It was a quiet morning in the small coastal fishing town. The sun crept over up over the horizon, under cover of the clouds, like it had been out on the town all night and only just noticed the time. The stillness was broken only by the cry of seagulls and rumble and clanking of the ferry docking. I finished my twelfth cup of coffee of the night and stared groggily at the brown envelope bearing my name (Inspector C. Storm), the contents of which were now spilled across my desk like a purse-full of herring on the deck of a seiner.
The tinny melody of the radio echoed in my head, as I tried to piece together the facts of the case. Fact 1: there were 11 different types of Marine Protected Areas (MPAs) on the BC coast, ranging from recreational areas to ecological reserves. Fact 2: many of these areas were intended to be completely closed to harvesting of marine life, including fish. Fact 3: protected areas closed to fishing in many other parts of the world helped fish stocks to recover and produced more and larger fish. Finally, fact 4, which I had scribbled on a scrap of paper in coloured pencil:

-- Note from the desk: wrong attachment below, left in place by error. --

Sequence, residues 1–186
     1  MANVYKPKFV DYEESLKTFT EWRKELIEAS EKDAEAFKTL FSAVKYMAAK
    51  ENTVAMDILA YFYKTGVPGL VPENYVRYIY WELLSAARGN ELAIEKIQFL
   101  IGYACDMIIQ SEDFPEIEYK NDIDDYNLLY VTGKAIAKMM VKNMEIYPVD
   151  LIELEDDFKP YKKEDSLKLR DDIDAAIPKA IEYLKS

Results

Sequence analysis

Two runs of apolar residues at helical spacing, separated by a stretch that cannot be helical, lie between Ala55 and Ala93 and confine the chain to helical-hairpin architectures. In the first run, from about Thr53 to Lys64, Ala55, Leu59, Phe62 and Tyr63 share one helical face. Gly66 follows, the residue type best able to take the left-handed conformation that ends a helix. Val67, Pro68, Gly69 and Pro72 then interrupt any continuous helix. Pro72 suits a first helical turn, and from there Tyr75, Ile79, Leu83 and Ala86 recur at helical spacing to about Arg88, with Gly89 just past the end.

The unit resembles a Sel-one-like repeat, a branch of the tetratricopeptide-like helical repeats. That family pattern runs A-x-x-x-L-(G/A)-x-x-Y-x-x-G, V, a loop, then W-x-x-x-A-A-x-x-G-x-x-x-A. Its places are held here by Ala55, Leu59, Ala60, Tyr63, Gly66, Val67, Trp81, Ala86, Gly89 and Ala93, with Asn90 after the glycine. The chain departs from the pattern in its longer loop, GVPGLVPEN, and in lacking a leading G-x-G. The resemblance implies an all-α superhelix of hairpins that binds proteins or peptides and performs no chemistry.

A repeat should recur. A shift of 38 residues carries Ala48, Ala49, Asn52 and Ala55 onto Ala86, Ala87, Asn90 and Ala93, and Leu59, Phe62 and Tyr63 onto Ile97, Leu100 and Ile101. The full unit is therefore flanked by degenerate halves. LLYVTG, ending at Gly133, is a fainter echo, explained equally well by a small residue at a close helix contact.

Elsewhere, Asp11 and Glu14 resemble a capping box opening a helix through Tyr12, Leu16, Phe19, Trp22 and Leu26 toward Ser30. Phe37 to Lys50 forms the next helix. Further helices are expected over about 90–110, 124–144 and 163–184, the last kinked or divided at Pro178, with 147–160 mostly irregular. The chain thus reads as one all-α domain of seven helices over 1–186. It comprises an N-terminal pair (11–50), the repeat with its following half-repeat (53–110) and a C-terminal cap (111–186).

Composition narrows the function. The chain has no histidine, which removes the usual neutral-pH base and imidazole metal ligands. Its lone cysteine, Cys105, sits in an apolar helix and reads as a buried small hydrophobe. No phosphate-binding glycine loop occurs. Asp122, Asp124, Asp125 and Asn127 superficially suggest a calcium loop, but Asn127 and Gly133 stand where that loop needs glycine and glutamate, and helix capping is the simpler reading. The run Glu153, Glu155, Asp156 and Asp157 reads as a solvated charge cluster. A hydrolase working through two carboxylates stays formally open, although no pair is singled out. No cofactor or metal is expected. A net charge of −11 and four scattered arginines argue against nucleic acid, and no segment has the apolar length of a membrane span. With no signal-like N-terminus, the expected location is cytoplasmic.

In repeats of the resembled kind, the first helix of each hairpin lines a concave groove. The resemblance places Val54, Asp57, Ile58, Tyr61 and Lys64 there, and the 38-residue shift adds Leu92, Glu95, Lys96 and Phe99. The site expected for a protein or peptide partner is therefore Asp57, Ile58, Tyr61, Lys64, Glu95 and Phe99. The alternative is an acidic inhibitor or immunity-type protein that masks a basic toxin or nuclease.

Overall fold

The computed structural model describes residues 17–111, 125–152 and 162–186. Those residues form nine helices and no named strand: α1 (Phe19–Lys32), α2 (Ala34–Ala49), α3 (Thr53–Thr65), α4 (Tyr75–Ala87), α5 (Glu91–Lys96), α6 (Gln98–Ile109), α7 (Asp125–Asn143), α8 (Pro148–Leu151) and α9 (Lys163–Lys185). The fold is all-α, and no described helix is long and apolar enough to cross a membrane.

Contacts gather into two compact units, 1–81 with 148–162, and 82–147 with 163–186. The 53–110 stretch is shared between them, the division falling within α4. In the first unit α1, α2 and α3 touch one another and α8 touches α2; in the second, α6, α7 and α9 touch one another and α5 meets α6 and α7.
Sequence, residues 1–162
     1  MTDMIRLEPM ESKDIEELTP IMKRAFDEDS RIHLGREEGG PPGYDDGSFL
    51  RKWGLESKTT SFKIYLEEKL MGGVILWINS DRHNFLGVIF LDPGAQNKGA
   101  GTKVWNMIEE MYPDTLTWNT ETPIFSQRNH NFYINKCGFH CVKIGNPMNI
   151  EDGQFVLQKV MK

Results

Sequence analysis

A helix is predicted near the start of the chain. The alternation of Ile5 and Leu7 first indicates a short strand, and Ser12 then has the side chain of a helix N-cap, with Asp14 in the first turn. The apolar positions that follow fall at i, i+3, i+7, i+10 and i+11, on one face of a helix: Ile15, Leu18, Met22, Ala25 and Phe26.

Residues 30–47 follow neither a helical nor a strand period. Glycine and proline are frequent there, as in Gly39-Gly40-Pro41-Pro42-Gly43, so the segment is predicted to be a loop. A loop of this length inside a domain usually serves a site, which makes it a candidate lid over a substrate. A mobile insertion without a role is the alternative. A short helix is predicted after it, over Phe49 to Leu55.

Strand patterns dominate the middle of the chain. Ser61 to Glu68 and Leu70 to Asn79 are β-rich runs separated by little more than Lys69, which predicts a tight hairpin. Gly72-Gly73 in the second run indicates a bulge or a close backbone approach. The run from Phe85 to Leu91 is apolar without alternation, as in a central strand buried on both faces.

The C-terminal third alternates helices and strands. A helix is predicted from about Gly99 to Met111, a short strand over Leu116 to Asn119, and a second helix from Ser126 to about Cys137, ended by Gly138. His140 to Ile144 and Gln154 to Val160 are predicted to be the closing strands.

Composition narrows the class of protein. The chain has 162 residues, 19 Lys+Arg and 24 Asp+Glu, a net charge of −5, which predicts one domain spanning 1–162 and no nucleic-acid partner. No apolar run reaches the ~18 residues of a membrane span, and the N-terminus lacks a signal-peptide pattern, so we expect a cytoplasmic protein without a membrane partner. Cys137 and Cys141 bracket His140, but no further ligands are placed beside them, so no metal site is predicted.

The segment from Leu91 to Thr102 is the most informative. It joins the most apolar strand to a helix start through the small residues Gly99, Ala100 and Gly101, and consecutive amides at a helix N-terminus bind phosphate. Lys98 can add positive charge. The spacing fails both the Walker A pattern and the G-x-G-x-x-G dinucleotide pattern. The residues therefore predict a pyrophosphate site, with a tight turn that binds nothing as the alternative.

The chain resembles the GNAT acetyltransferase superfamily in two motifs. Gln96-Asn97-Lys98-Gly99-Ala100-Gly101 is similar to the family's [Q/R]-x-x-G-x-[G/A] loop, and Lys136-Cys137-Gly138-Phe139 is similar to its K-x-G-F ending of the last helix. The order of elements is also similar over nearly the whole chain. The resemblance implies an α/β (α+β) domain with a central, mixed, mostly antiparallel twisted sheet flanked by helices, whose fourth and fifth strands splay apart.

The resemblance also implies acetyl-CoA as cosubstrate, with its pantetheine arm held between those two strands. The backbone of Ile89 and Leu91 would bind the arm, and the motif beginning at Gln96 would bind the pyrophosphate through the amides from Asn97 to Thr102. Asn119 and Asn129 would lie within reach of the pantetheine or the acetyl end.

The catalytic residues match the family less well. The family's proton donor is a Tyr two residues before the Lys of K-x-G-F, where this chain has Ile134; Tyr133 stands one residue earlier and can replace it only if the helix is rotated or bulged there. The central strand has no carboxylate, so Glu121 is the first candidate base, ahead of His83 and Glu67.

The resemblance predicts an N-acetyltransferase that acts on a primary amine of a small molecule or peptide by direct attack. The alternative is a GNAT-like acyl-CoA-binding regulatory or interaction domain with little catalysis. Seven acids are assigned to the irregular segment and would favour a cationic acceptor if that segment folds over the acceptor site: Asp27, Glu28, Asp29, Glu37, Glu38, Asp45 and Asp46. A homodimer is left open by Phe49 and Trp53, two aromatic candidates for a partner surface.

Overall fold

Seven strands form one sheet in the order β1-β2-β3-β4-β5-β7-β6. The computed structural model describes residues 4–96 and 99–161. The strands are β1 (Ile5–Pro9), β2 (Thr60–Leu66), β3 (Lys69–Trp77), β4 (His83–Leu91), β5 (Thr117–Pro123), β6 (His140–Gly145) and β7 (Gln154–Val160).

You see, despite the many different names for protected areas, they could mostly be lumped into a few major categories based on the reasons they were set up. Categories created by the International Union for the Conservation of Nature (IUCN), a prestigious group of big-wigs who work to improve conservation around the world. Over half of the protected areas on coast fell into categories that were 'strictly prohibited' to fishing. A handful of others allowed a wide range of activities, including fishing. The rest simply didn't fall into any of these categories.
But despite being 'strictly prohibited' in over half of these areas, fishing was permitted in all but one. It made about as much sense as a lead-plated life jacket! Why have a protected area if it didn't offer any protection? It seemed like an awful lot of trouble to set up an area like this if it were going be nothing more than a line on a map.
At the center of this mess was the fact that the brass who managed the protected areas were not the same ones who managed the fisheries. The federal Department of Fisheries and Oceans (DFO) dictate where boats can and cannot fish through their Integrated Fisheries Management Plans. From the looks of things, these plans and the marine protected areas were about as coordinated as a blind saxophone player and a deaf conductor.
Could it really be that simple? Could lack of coordination amongst government agencies really be the culprit in the case of the missing marine protection on the BC coast?
Inspector C. Storm is on special assignment for the Living Oceans Society. Tune in next time for the exciting conclusion of The Case of the Missing Marine Protection, or see the evidence for yourself (PDF file).